Still, like you, I am very dissatisfied, and always have been, with what happens to kids in our schools. But I'm more cautious about how best to learn from others. And what worries me most is that it's our only opportunity for young people to learn the art and craft of democracy--which was once easier to learn about from local life.

A lot to think about.



Changes in education are complex, certainly; but absolutely doable.

As you know, Singapore would probability be better compared to a city such as NYC, but none the less, we certainly can learn from their experience. (Imagine if NYC did what Singapore has done instead of the mess that Joel Klein et al., has fostered on the NYC schools!) Singapore has a broader diversity of people than NYC with 4 major ethnic groups and poverty is something that they struggle with as well. And of course almost all students are taught in a second language (English). And yet, their focus on inclusion and learning has empowered those students that in the past would have dropped out of school and propelled their learning in math and science to the highest in the world.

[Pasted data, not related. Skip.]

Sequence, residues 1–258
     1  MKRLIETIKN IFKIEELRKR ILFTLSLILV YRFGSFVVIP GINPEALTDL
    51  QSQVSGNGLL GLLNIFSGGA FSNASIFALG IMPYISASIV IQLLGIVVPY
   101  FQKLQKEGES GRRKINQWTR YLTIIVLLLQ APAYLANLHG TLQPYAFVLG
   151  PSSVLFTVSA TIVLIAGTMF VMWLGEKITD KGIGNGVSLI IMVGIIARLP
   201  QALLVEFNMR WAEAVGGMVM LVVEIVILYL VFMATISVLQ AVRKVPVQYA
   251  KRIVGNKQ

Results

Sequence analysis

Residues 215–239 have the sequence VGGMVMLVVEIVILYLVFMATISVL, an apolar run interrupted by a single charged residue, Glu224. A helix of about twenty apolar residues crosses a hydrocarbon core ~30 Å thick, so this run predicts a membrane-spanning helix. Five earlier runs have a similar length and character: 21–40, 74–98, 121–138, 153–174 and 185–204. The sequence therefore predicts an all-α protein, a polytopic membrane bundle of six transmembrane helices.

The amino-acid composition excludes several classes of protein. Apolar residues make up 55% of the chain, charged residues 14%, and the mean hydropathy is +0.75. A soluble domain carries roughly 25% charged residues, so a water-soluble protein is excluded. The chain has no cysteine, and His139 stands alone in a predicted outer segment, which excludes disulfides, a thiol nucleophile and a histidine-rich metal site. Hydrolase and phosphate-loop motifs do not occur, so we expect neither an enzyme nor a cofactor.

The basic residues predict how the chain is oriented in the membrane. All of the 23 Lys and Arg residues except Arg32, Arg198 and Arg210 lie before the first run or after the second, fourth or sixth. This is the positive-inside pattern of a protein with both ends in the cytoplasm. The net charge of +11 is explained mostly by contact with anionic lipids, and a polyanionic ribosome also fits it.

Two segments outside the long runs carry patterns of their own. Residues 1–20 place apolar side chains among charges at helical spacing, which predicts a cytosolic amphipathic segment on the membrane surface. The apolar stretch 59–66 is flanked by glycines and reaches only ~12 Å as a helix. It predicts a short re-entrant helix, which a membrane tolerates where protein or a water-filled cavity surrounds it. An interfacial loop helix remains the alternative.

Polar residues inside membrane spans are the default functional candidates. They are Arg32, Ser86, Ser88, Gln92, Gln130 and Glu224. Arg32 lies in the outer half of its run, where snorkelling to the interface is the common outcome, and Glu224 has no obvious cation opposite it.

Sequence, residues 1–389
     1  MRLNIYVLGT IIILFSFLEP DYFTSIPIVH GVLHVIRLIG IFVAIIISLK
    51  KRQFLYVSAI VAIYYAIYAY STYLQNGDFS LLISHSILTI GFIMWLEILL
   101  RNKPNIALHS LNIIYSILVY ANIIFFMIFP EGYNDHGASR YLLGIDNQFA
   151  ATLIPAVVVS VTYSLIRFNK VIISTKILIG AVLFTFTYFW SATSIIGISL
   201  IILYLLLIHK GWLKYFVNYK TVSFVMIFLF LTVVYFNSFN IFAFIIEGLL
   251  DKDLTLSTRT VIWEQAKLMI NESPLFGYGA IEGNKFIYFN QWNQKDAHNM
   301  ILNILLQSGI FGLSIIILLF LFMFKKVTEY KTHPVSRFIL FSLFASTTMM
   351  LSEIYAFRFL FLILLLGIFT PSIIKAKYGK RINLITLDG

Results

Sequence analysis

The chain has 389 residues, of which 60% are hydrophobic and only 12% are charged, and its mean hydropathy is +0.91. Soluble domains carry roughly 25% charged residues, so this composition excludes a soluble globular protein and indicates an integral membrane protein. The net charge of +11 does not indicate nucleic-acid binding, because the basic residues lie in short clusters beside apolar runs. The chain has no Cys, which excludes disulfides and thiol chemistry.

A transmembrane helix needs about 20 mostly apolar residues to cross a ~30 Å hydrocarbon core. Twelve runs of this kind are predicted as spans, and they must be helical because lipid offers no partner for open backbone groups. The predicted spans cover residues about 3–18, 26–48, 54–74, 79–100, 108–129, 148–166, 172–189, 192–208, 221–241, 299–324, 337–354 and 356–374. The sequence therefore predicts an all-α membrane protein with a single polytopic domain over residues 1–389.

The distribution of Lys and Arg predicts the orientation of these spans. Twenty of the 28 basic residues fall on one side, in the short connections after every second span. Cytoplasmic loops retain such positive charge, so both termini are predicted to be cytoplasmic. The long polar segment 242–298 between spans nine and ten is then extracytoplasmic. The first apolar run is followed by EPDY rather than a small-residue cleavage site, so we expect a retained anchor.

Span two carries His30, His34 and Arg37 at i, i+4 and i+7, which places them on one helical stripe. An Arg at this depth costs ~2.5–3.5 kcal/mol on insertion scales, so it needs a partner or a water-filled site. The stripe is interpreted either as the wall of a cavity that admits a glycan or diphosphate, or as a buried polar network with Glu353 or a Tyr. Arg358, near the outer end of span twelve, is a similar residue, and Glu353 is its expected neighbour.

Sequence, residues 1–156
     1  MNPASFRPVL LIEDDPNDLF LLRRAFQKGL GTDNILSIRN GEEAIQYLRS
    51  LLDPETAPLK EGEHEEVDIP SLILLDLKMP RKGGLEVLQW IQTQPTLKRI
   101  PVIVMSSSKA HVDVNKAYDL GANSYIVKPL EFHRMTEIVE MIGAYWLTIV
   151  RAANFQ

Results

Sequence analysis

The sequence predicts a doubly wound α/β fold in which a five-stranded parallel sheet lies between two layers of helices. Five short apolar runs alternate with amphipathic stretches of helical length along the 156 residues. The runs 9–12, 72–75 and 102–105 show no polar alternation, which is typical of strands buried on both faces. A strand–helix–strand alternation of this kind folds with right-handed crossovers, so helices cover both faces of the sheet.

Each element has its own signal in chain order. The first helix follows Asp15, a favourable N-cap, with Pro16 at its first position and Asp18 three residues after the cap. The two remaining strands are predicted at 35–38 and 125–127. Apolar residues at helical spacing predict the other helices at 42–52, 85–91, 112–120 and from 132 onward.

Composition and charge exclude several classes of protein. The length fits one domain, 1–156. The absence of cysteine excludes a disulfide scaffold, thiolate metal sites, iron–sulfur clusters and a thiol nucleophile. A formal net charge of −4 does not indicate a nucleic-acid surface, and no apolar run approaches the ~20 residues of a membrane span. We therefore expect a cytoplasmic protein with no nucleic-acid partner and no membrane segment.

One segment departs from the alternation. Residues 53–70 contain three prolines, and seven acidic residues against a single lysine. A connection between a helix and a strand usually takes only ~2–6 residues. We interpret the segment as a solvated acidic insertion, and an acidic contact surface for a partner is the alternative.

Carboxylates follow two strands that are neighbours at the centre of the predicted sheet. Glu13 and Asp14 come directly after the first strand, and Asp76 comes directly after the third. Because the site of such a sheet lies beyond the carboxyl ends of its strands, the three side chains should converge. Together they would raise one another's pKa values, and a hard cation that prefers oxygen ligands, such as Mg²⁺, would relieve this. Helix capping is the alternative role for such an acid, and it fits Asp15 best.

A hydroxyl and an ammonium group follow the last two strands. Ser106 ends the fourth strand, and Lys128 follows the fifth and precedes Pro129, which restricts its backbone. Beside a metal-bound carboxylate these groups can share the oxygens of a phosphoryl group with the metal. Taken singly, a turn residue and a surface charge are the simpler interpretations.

As you have been very concerned with the experience of disadvantaged students, one of the most remarkable international comparisons that we should be looking at is France. France has been saddled with exceptionally high unemployment and a large immigrant population very disconnected from traditional French society. And yet France has had great success in reducing the learning gap between disadvantaged and well-supported students by providing well structured pre-schools.

Unlike our Head Start programs, the French preschools have defined learning goals and the results are lasting; to the extent that at 5th grade the difference in scoring between disadvantaged and advantaged children is only 10%.

I would hesitate to say that we could ever emulate (nor want to) any one particular school system. But when we look across the spectrum of schooling systems, there are broader trends that define more successful and less successful school systems. We should be incorporating that precious knowledge into our educational experience. Those broader trends are: defined curricula and external evaluations.